Democrats behaving badly: Gun-slinger edition
posted at 1:51 pm on January 21, 2013 by Mary Katharine Ham
Existing as we do, at the moment, in a news cycle dedicated to demonizing every one of the millions of normal, law-abiding Americans who so much as belong to a voluntary organization designed to defend their Second Amendment rights, it’s helpful to take a look at the actions of the side that demonizes them. If the actions of the following politicians had been perpetrated by Republicans, they would immediately have become emblematic of the inherent imbalance of right-wing gun advocates, illustrative of the danger your very neighbors pose, even if they have never shown any inclination to violence. As it is, they are just isolated incidents, you see, in which the party of protecting you from violence is allowed a free pass in the national press for perpetrating it.
Assemblyman Steven Brooks was arrested Saturday night on a charge of threatening Nevada Assembly Speaker Marilyn Kirkpatrick.
State Sen. Kelvin Atkinson said Sunday he informed Kirkpatrick of Brooks’ threat against her. Atkinson said Brooks had been telling people Kirkpatrick’s “first day as speaker would be her last.”
North Las Vegas police said Brooks, 40, was booked about 6 p.m. at the Las Vegas City Jail on a felony charge of intimidating a public officer by threat of physical violence. Jail records show Brooks was in custody Sunday evening.
Brooks is a Democrat serving Nevada Assembly District 17 in northern Clark County.
Police said they responded to a home in North Las Vegas at about 3:45 p.m. Saturday in response to reported threats to an elected official, though authorities would not say who Brooks reportedly threatened.
He was arrested in a traffic stop and a gun was found in his car (the article doesn’t suggest it was anything but legally owned), and Kirkpatrick is “being watched until it is deemed not necessary.” Brooks apparently thought he was entitled to a certain leadership position he had not been given, and the bickering escalated beyond Brooks’ mere attempted organizing of a political coup as he reportedly became erratic and agitated in meetings. I’m glad Kirkpatrick has proper protection from possible threats, and hope the rest of us can retain the right to provide it for ourselves when we don’t have professional protection at our disposal.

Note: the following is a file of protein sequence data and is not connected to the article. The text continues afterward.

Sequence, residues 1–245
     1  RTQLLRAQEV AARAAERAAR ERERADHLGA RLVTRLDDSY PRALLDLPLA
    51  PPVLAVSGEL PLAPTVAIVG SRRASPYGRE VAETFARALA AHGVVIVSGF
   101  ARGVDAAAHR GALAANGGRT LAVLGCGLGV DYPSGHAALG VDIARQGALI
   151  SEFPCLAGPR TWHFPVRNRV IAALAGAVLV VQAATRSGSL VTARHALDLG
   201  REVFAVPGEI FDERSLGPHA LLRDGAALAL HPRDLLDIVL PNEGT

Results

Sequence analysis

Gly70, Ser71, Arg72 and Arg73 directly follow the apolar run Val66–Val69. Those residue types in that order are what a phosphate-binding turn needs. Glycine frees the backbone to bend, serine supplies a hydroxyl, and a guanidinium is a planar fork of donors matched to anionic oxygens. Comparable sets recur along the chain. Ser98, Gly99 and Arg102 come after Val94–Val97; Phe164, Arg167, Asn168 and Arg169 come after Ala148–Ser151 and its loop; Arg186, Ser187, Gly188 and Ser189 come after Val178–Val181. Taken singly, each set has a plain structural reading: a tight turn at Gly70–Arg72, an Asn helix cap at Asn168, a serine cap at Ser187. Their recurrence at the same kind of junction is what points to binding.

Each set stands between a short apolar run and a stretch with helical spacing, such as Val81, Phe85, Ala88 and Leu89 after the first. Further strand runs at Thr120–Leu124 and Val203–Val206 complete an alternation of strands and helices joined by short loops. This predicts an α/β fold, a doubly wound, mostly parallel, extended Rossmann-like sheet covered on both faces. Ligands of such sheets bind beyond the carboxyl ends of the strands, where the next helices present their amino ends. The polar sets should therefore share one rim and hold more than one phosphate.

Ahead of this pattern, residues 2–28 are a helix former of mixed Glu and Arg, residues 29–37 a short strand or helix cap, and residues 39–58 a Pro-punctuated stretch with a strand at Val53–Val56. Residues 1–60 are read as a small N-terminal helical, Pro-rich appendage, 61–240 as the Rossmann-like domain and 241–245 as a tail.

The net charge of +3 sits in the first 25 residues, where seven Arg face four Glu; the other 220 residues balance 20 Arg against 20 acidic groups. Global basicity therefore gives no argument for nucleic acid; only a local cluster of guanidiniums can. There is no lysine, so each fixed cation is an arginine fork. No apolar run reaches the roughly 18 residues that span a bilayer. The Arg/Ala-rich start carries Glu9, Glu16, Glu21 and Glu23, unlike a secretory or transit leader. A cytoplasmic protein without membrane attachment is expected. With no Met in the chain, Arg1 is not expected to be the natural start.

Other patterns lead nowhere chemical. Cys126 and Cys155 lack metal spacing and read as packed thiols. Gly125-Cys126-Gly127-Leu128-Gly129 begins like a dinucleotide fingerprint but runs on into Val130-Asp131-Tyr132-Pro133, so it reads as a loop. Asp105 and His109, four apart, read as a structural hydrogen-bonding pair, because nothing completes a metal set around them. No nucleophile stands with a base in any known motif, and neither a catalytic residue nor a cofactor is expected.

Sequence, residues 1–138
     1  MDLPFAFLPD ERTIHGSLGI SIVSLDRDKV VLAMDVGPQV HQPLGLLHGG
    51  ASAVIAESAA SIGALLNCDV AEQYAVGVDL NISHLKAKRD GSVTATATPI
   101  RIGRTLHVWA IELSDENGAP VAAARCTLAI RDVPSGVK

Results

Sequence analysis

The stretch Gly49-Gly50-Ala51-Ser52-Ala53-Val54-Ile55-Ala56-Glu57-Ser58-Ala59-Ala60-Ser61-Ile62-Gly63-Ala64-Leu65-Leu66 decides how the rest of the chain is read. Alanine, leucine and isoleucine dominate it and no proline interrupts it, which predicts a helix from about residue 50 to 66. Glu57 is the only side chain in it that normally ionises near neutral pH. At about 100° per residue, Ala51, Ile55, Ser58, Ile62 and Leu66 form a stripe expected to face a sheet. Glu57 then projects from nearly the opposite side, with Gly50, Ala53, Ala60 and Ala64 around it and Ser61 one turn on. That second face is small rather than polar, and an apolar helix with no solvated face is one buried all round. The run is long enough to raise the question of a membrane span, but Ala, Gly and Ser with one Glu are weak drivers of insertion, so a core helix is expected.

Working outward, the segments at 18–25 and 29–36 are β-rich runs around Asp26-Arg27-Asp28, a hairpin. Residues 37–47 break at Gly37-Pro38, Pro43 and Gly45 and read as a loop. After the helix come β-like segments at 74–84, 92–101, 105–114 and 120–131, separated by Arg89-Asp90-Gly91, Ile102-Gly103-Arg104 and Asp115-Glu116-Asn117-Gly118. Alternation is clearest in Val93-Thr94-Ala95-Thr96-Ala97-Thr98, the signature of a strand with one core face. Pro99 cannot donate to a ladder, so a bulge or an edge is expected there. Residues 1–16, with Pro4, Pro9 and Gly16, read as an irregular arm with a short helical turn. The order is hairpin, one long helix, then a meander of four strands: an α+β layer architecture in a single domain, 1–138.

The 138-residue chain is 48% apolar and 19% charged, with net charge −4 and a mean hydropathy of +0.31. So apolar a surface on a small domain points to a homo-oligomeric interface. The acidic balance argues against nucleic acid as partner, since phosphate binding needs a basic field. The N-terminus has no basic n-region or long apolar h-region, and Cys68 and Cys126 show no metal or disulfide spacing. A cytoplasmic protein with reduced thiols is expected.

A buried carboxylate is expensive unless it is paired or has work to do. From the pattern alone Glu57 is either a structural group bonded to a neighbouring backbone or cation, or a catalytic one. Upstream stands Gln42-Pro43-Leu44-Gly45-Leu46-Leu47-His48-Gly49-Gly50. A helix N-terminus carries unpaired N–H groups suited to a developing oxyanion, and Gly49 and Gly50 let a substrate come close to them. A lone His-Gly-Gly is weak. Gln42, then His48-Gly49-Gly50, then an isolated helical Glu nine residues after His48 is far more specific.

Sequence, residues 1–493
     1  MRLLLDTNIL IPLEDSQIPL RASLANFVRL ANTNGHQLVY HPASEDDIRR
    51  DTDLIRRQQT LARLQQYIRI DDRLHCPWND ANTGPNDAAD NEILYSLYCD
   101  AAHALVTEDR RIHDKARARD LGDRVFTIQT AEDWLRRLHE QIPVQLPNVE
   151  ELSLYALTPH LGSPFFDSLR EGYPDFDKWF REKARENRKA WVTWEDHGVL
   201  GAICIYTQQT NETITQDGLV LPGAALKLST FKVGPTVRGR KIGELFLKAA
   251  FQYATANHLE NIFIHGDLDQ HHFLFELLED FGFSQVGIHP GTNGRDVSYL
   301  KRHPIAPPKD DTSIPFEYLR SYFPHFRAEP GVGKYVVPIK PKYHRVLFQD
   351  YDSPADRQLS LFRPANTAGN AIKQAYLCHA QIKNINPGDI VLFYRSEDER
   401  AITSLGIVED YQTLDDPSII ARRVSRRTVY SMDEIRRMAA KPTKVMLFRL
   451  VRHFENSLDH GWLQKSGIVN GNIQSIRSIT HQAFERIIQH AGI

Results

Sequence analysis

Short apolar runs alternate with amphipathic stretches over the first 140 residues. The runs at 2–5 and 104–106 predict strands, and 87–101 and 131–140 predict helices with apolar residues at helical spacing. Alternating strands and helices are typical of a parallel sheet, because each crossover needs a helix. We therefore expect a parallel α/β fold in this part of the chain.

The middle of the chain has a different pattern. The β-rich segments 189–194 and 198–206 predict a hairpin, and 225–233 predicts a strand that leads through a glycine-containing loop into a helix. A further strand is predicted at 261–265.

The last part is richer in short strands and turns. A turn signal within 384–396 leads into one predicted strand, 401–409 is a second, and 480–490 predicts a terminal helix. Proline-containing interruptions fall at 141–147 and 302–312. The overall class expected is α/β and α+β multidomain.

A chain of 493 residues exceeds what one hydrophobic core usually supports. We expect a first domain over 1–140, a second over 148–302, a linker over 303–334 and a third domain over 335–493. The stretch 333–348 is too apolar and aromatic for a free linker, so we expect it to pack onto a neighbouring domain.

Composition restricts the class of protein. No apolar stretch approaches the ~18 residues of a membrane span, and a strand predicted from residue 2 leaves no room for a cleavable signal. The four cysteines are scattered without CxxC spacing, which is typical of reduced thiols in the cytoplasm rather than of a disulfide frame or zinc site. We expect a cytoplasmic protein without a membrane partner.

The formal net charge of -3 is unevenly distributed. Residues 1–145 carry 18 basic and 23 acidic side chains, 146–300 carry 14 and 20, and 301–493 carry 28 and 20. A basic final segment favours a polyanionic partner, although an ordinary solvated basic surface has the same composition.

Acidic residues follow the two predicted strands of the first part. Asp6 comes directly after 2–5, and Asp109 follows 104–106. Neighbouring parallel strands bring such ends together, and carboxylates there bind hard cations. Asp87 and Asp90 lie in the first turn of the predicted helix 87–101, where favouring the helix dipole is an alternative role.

Then, there’s this guy, a Democratic member of the Virginia Assembly, irresponsibly brandishing an AK-47 in the state house to show how dangerous they are in the hands of responsible gun owners, or something. Gun-control advocates should really learn trigger discipline before grandstanding with such weapons. The NRA has classes for that. Open the action, booger hook off the bang switch, etc. Joseph Morrissey, pictured below, had to be interrupted by a responsible member of the House of Delegates, who asked him to get his finger off the trigger:
But there’s more. David Martosko of the Daily Caller enlightens us as to Morrissey’s pristine past when it comes to preventing violence:
But while Morrissey introduced a gun-control bill Thursday aimed at reducing criminal violence in Virginia, he has a history that involves physical violence of another kind.
Morrissey paid a man $500,000 in 2007 to settle a 2002 court judgment against him, related to a 1999 physical assault.
According to legal brief filed by the victim’s attorneys, Morrissey shouted, “I’m going to kill you. I’m going to beat your head in,” before beating the victim and “smash[ing] his head into the corner of a brick wall.”
The 2003 revocation of Morrissey’s law license followed that courtroom reckoning, but by then his disciplinary record in the legal profession was already a lengthy one.
After he applied for the reinstatement of his law license, the Virginia State Bar listed a litany of Morrissey’s misdeeds when it published his petition.
Morrissey has also had formal complaints against him in his handling of a rape case and a felony drunk driving case. But as long as he’s from the party of gun-control and women’s rights, everything is fine. And, that’s the ultimate end of all this posturing, isn’t it? A total disconnect between personal actions and political stances, with political stances acting as a stand-in and a get-out-of-jail-free card for real-life conduct? It doesn’t matter that Mitt Romney had a 50-percent female cabinet in Massachusetts or that President Obama routinely pays women less in his administration and on his campaigns. The grandstanding is what matters, the votes for bills whose results are never again considered—shallow symbolism’s triumph over much more elusive actual results. As Obama himself put it so eloquently last week, “budgets are difficult.” Good thing blaming the party that’s tried repeatedly to pass them is so darn easy.
And, who can forget this classic? They’re out there keeping you safe. Be very afraid.